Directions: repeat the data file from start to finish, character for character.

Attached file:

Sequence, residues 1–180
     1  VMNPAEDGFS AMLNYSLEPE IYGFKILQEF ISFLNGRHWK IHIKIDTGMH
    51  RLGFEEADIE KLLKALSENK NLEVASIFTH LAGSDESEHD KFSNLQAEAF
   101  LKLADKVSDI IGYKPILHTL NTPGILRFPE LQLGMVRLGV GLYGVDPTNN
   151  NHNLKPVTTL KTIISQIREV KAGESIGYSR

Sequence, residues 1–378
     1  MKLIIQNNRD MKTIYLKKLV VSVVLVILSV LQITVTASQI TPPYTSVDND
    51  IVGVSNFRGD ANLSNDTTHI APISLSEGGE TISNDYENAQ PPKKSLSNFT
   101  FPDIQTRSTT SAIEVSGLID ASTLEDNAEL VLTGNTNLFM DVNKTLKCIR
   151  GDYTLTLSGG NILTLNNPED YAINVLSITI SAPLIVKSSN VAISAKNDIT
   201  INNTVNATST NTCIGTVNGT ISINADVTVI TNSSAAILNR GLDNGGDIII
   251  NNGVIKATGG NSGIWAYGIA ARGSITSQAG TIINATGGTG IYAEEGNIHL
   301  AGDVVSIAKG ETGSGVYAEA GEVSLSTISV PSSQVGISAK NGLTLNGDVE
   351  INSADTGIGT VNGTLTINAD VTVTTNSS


Sequence, residues 1–180
     1  VMNPAEDGFS AMLNYSLEPE IYGFKILQEF ISFLNGRHWK IHIKIDTGMH
    51  RLGFEEADIE KLLKALSENK NLEVASIFTH LAGSDESEHD KFSNLQAEAF
   101  LKLADKVSDI IGYKPILHTL NTPGILRFPE LQLGMVRLGV GLYGVDPTNN
   151  NHNLKPVTTL KTIISQIREV KAGESIGYSR

Sequence, residues 1–378
     1  MKLIIQNNRD MKTIYLKKLV VSVVLVILSV LQITVTASQI TPPYTSVDND
    51  IVGVSNFRGD ANLSNDTTHI APISLSEGGE TISNDYENAQ PPKKSLSNFT
   101  FPDIQTRSTT SAIEVSGLID ASTLEDNAEL VLTGNTNLFM DVNKTLKCIR
   151  GDYTLTLSGG NILTLNNPED YAINVLSITI SAPLIVKSSN VAISAKNDIT
   201  INNTVNATST NTCIGTVNGT ISINADVTVI TNSSAAILNR GLDNGGDIII
   251  NNGVIKATGG NSGIWAYGIA ARGSITSQAG TIINATGGTG IYAEEGNIHL
   301  AGDVVSIAKG ETGSGVYAEA GEVSLSTISV PSSQVGISAK NGLTLNGDVE
   351  INSADTGIGT VNGTLTINAD VTVTTNSS